Townships have some power to prohibit the use of land or construction of buildings for agricultural purposes when that land is less than five acres in size. However, they have no authority to regulate activities on parcels larger than five acres.19 For instance, a proposed dairy operation containing over 2,000 cows claimed in court that a township could not require a land use permit for its operation. The court agreed, ruling that the township could not regulate the operation, as it was on agricultural land.20

  • 1. See legislative preamble to 1982 Ohio Laws (S.B. 78).
  • 2. U.S. Department of Commerce, “Table 1. Farms, Land in Farms, and Land Use: 1982 and Earlier Census Years,” in 1982 Census of Agriculture, Volume 1: Geographic Area Series, Part 35: Ohio State and County Data, Chapter 1: State Data (Washington, D.C.: U.S. Bureau of the Census, 1984), https://agcensus.library.cornell.edu/wp-content/uploads/1982-Ohio-CHAPTER_1_State_Data-121-Table-01.pdf; “2021 State Agriculture Overview: Ohio,” U.S. Department of Agriculture, National Agricultural Statistics Service, accessed October 21, 2022, https://www.nass.usda.gov/Quick_Stats/Ag_Overview/stateOverview.php?state=OHIO.
  • 3. Barbara Galloway, “Park Farms Vote Delayed in Canton Council Law,” Akron Beacon Journal, June 8, 1993.
  • 4. Ohio Rev. Code § 929.02 (2021).
  • 5. 2019 Ohio Laws 10 (H.B. 166) (amending, in relevant part, Ohio Rev. Code § 929.04). See also Peggy Hall Kirck, “Budget Bill Alters Ohio’s Right to Farm Law,” Morning AgClips, July 29, 2019, https://www.morningagclips.com/budget-bill-alters-ohios-right-to-farm-law/.
  • 6. It also protects agricultural activities conducted by an entity pursuant to a lease agreement or enrolled in Ohio’s property tax reduction program. For more details, see Ohio’s current agricultural use valuation program at Ohio Rev. Code § 5713.30 (2021).
  • 7. 2011 Ohio Laws (H.B. 276) (amending, in relevant part, Ohio Rev. Code § 5713.30[A]). See also Ohio Rev. Code §§ 929.01, 929.04 (2021).
  • 8. Bear v. Jones, No. 06AP-1271, 2007 WL 2505511 (Ohio Ct. App. Sept. 6, 2007).
  • 9. Bear, 2007 WL 2505511, at 6 (citing Ohio Rev. Code § 3704.01(B), which provides that “air contaminant” does not include “emissions from agricultural production activities,” as defined in Ohio Rev. Code § 929.01).
  • 10. See Concerned Citizens of Cent. Ohio v. Schregardus, 148 Ohio App. 3d 31, 33 (2002) (stating, “The facts underlying this matter are undisputed. In March 1996, the director of OEPA approved an initial livestock waste management plan for Buckeye Egg’s Marseilles egg production facility. The plan provided for construction of fourteen laying hen barns to house a total of approximately 2.5 million chickens”). See also Bear, 2007 WL 2505511 (citing Schregardus, 148 Ohio App. 3d 31).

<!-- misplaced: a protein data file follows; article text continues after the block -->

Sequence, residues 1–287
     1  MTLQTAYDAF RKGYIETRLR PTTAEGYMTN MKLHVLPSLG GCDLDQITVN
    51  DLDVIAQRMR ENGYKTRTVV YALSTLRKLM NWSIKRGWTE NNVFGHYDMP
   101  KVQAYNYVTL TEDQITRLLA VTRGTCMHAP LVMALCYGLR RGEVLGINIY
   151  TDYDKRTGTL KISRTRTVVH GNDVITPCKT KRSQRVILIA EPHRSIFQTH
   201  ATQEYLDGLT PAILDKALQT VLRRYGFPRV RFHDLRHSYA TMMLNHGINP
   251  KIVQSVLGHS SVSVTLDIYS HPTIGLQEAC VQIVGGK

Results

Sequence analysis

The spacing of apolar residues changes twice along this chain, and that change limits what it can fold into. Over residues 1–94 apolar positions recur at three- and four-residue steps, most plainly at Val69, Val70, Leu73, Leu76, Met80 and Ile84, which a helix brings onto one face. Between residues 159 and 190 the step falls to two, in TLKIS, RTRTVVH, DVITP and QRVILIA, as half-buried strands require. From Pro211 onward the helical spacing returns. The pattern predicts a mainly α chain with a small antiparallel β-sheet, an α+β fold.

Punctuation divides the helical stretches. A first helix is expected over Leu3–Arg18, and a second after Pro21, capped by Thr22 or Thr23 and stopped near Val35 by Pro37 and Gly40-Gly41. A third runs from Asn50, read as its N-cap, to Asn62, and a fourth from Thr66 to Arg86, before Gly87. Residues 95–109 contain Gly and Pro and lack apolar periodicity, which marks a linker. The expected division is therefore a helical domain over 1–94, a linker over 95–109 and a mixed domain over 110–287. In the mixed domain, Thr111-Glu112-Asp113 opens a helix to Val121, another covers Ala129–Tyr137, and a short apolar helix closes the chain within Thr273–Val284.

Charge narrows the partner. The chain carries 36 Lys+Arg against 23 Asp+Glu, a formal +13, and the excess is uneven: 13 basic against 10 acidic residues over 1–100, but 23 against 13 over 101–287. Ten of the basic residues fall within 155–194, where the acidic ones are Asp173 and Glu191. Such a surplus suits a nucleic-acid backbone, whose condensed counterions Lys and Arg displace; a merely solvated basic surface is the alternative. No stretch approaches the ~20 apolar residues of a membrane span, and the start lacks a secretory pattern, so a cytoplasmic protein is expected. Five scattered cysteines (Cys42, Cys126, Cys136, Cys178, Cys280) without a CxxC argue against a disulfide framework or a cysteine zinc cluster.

• 11. Bear, 2007 WL 2505511. Ironically, before this case was decided the U.S. Department of Justice sued the company for failing to comply with the federal Clean Air Act and obtain necessary federal pollution control permits. See “Ohio’s Largest Egg Producer Agrees to Dramatic Air Pollution Reductions from Three Giant Facilities,” U.S. Department of Justice and U.S. Environmental Protection Agency, News Release, February 23, 2004, available at https://archive.epa.gov/epapages/newsroom_archive/newsreleases/508199b8068c24a585256e43007e1230.html. Since states have to implement federal Clean Air Act regulations that are at least as stringent as federal law, it is unclear why the operation received an agricultural exemption from OEPA.
  • 12. Eulrich v. Weaver Bros., Inc., 165 Ohio App. 3d 313 (2005).
  • 13. Ohio Rev. Code § 929.04 (2021).
  • 14. Ohio Rev. Code § 929.04 (2021).
  • 15. Ohio Rev. Code § 3767.13(D) (2021).
  • 16. See, e.g., Ohio’s air pollution control law, Ohio Rev. Code § 3704.06(E) (2021); the state’s environmental protection regulations under Ohio Rev. Code § 3745.08 (2021); and the state’s solid and hazardous waste regulations under Ohio Rev. Code § 3734.101(E) (2021).
  • 17. Ohio Rev. Code § 3767.03 (2021).
  • 18. Ohio Rev. Code § 3767.03 (2021). See also Shuttleworth v. Knapke, No. 02CA1582, 2003 WL 588598 (Ohio Ct. App. Feb. 28, 2003) (noting that “these provisions [in Ohio Rev. Code § 3767.03] limit the amount of the awards to the amount of the bond, and limit a defendant’s recourse on those awards to a proceeding against the bond the plaintiff posted”).
  • 19. Ohio Rev. Code § 519.21 (2021).
  • 20. Meerland Dairy L.L.C. v. Ross Twp., No. 07CA0083, 2008 WL 1991886 (Ohio Ct. App. May 9, 2008).